PROUD AMER­I­CAN Lee Green­wood’s an­them still res­onates

The Commercial Appeal - Go Memphis - - COVER STORY - By Michael Don­ahue

Lee Green­wood didn’t have big plans for “God Bless the USA” when he com­posed the song in 1983.

“It’s not like I sat down and said, ‘I’m go­ing to write the song of my life.’ ”

But,he­said,thesong­was“some­thing I be­lieved in.”

Green­wood, a Grammy Awa rd-win ning singer who will per­form

Satur­day at Ave Maria Home’s 15th An­nual Silent Auc­tion and Con­cert in the Sally Hook Per­form­ing Arts Cen­ter at St. Agnes Academy-st. Do­minic School, said the in­spi­ra­tion for the chart­top­ping pa­tri­otic song was a news head­line.

“An air­liner was shot down. It made me think about Amer­ica and its strengths and weak­nesses. It was a Korean air­liner fly­ing over Rus­sian space. It had some Amer­i­cans on it. It got me to think­ing.”

He wrote the song on the road. “I had a pi­ano in the back of my bus. It was an elec­tric pi­ano. I had it hinged against the wall so I could raise it up, slide un­der it and sit on my bed. I played ev­ery sin­gle night. I plugged in the head­phones.”

Green­wood never planned on the song be­ing a sin­gle.

“Uni­ver­sal made that call,” he said, re­fer­ring to his record la­bel, Uni­ver­sal Mu­sic, now Uni­ver­sal Mu­sic Group.

He was in­vited to sing on TV’S “Solid Gold” on Hal­loween night in 1983 in Los An­ge­les. He sang one or two of his hits and left the show with a bot­tle of Cham­pagne given to him by the show’s host, Mar­i­lyn Mccoo. He also had a ses­sion tape of the al­bum he was work­ing on in his pocket.

Green­wood was in a limo on his way to the air­port to go back to Nashville when he asked his driver where Irv­ing Azoff, pres­i­dent of Uni­ver­sal, lived. Azoff’s house was be­tween Bar­bra Streisand’s and Neil Diamond’s houses, he said.

“Stand­ing in the front door was Irv­ing Azoff and his three lit­tle chil­dren dressed as bum­ble­bees.”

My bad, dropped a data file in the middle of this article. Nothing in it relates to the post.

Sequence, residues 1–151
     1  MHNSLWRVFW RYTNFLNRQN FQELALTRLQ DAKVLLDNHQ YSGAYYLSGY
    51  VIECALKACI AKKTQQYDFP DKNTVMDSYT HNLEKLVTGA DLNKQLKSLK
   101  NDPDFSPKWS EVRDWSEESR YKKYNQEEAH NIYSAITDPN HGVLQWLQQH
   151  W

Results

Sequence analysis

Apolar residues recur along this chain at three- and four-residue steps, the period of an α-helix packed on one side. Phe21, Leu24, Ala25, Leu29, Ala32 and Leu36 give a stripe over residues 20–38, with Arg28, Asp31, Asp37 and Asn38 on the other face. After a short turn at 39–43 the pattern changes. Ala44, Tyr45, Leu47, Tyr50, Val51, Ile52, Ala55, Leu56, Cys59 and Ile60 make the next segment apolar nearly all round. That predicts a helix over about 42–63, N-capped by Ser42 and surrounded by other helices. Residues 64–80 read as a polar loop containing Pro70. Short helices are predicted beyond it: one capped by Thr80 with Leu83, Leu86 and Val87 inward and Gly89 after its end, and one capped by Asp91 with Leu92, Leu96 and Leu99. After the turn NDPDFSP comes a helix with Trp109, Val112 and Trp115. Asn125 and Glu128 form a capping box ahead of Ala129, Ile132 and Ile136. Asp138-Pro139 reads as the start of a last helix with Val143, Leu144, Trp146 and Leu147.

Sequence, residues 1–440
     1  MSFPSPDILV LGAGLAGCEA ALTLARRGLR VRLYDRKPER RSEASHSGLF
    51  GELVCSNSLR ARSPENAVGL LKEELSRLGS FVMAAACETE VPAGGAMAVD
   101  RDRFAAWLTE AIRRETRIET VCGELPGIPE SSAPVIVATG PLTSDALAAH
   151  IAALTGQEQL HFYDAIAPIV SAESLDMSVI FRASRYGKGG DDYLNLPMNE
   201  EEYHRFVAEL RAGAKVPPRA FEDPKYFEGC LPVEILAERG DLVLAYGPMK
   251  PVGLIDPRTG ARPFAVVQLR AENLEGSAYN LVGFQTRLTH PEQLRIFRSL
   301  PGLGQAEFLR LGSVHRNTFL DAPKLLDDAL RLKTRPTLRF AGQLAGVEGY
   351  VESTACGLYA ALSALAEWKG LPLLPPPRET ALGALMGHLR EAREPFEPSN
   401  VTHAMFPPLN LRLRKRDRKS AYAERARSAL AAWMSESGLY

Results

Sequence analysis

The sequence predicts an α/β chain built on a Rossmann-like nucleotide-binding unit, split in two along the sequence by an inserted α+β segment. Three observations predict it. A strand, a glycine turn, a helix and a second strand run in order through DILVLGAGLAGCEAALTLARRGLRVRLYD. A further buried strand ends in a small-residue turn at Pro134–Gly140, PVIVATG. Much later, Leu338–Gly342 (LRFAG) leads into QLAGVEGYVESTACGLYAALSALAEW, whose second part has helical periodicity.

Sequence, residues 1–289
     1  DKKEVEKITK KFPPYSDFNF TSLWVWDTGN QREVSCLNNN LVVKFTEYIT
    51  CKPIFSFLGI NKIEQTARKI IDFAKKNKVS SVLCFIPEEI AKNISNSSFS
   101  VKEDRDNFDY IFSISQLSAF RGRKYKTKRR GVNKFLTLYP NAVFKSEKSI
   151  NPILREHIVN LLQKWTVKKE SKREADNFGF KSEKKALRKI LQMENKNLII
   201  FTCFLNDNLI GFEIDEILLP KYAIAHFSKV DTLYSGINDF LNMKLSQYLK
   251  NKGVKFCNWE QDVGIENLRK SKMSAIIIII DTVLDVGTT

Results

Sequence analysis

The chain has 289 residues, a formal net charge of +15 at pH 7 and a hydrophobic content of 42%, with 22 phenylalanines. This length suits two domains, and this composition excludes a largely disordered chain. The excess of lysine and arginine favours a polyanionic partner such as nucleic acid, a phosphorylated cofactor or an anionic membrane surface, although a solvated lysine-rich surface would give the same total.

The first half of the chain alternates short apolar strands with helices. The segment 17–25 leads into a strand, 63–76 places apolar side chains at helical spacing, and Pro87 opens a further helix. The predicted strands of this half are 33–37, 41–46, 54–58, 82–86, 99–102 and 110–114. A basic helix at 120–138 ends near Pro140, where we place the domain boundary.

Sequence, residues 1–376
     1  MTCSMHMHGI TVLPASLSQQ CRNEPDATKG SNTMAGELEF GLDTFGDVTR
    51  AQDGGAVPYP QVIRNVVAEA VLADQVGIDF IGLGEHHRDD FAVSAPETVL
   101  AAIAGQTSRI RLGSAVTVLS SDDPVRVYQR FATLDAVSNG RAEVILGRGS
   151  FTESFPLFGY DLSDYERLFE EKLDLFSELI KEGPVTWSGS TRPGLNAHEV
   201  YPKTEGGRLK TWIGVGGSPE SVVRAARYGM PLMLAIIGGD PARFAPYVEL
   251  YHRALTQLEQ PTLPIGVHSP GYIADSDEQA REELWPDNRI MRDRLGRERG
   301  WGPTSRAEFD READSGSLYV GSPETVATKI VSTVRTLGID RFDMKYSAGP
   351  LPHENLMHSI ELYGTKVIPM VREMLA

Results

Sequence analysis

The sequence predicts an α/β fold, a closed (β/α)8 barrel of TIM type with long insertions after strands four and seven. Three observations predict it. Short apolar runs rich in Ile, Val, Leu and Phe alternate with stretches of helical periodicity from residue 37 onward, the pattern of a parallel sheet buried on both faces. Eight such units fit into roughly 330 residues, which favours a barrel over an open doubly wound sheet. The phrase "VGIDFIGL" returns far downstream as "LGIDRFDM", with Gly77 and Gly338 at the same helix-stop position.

Green­wood in­tro­duced him­self, and Azoff in­vited him in. He said he wanted Azoff to hear his new sin­gle, “You’ve Gotta Good Love Comin’.” “But af­ter he lis­tened to ‘USA’ that night, he was like, ‘Well, let me hear the whole project.’ ”

Later, when Green­wood re­turned to Los An­ge­les, Azoff was asked which song should be Green­wood’s new sin­gle. “He said, ‘I think it ought to be ‘ God Bless the USA,’” Green­wood said.

In 1985, Green­wood won the CMA Song of the Year for writ­ing “God Bless the USA.” The song has been in the top five of the country sin­gles charts three times, the only song in any genre of mu­sic to achieve that feat. It also rose No. 1 on the pop charts af­ter the Sept. 11 ter­ror­ist at­tacks.

The song is part of the De­part­ment of Homeland Se­cu­rity film shown dur­ing the swear­ing-in cer­e­mony for new U.S. citizens.

Green­wood wrote a chil­dren’s book, “Proud to be an Amer­i­can” (Clover­croft Pub­lish­ing, $15), which teaches chil­dren about pa­tri­o­tism. “This is some­thing for grand­par­ents and par­ents to read to their chil­dren,” he said.

The il­lus­trated book, which was pub­lished last year, de­buted at the top of the Ama­zon charts the week of its re­lease.

“I think pa­tri­o­tism gets a lit­tle lost in our so­ci­ety,” Green­wood said. “Thank God for sports. If we didn’t have bas­ket­ball games, base­ball games, hockey games and foot­ball games, I don’t think we would hear the na­tional an­them again.’”

Green­wood’s lat­est CD is “I Want to be in Your World.” He wrote three of the seven songs and plays sax­o­phone on the orig­i­nal track “Here Comes Love There Goes My Heart.” He also cov­ered the Michael Mcdon­ald/kenny Log­gins bal­lad ‘You Can Let Go Now,’ which fea­tures Mcdon­ald, a for­mer Mem­phian, on pi­ano.

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